March 21, 2004

Book: Tantrika

I tend to wear my interests front and center, like a loud T-shirt. What are you studying? people asked me this month, and I would reply with a short speech about sacred sexuality.

My friend Lulu was with me for much of this, as I was visiting her in Austin. She tilted her head after one of my speeches, and remarked: sacred sexuality is about life-giving forces. You're studying the spirituality of life-making! And that's a very big question.

It hit me hard - the play I may have envisioned, the casual sharing, the experiments in intimacy I might have craved were tiny compared to the enormity of being a father. Her words resonated strong - there were some longings for fatherhood mixed up in all of my curiosities. All of a sudden what was a casual inquiry after touching with intent was suffused with the mystery of all human creation. It was a staggering moment, a call to maturity. Understanding the context for sexuality - play and the perfect opposite of play, unswerving commitment. Profound mystery and fear.

Tantrika, by Asra Q. NomaniLater Lulu loaned me a book: Tantrika she hadn't yet read. Promising a tale of "Traveling the Road of Divine Love" the book seemed a perfect follow-up to my last sacred sexuality reading, another tale by a curious wanderer, The Red Thread.

The author, Asra Q. Nomani, has a unique position - Muslim, born in India, raised in the United States. Working for the Wall Street Journal. She begins the book as she's taking up the assignment that established tantra as a phenomenon, and a business - a feature story for the Wall Street Journal. I read as she flitted through the same sorts of meetings and workshops I'm reading about. I admired her bravery, while I doubted or shrugged as she turned away from a

That characterizes the book - the search is so frenetic, so constant, that she'll take us through two towns with fifteen details in one page. Her travels through ashrams and temples in India and Pakistan are loaded with poignant moments and important lessons - she spends a paragraph on what would be a book for most people.

Having only a hint, a neat phrase to describe the insights of a four day meditation with the Dalai Lama, we are forced to follow her on her entire journey. About two thirds through the book, as she was traipsing through another East Asian nation in search of self and meaning in the context of meditation and sexuality, I was frustrated. Why was I reading all these tiny sentiments about personal experiences? There wasn't much tangible reflection for me to hold on to, few sustained insights for me to turn over or savor in my mind.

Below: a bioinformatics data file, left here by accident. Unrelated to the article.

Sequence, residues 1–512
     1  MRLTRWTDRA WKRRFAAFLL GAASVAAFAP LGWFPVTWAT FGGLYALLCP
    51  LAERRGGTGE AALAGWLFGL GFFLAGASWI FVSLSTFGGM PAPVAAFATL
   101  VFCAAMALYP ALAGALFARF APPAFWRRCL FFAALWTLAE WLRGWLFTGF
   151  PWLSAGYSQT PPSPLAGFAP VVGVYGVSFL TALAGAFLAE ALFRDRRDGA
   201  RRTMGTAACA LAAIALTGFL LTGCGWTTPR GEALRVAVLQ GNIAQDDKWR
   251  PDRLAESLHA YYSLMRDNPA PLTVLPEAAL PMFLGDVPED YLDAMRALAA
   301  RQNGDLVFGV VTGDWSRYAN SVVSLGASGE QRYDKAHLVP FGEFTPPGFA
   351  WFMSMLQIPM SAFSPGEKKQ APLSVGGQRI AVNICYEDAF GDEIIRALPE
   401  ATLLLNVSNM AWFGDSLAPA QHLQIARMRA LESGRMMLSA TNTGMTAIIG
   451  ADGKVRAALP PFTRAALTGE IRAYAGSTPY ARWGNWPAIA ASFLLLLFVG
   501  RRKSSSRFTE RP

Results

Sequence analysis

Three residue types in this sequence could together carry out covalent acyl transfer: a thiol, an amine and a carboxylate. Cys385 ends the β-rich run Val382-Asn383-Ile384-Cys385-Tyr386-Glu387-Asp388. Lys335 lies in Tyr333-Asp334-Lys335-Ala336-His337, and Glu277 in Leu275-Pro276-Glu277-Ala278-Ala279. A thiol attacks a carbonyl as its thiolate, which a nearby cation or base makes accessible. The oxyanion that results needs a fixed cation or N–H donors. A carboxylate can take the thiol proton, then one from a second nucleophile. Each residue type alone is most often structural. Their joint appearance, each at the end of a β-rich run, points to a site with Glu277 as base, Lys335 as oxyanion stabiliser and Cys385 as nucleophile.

But as I kept reading, the end of the book opened up into geopolitics after 9/11. And I was won over by the sheer personality of someone willing to share, willing to throw herself into the breach to find herself in the contexts of conservative culture and shifting circumstances. She begins seeking sensuality and partnership, and comes away with a dense load of personal meditations on the eternal mysteries.

Her personal urge to quest, and share, I find compelling. I thought, this woman has written a book that involves her family and friends and relative strangers. Much like sharing your life online. She does have a web page; it reads as a formal author's pulpit rather than a continuation of the kind of sharing she does in the book. There's an urgency in her tone, and as I finished the book I wondered what more has become of her (An interview with Beliefnet doesn't have any additional details). This work holds all her difficult struggle within a neat and traceable arc.

So much of Nomani's work comes back to family. She begins mostly alone, working to find partnership, marriage, happiness. She ends with a child and a home with her family. She considers sacred sexualty all throughout, and she comes to much the same conclusion that Lulu intimated - the mysteries of sex magic are the mysteries of creation. Making life - a most stirring, unsettling and compelling human act. By the time she's reached her conclusion, with a small body at her breast, her time spent with gurus and sadhus, intimacy workshops and dating dalliances has given her a strong love of self and some measure of calm. That's mighty appreciable.

Posted by Justin at March 21, 2004 10:52 AM | TrackBack
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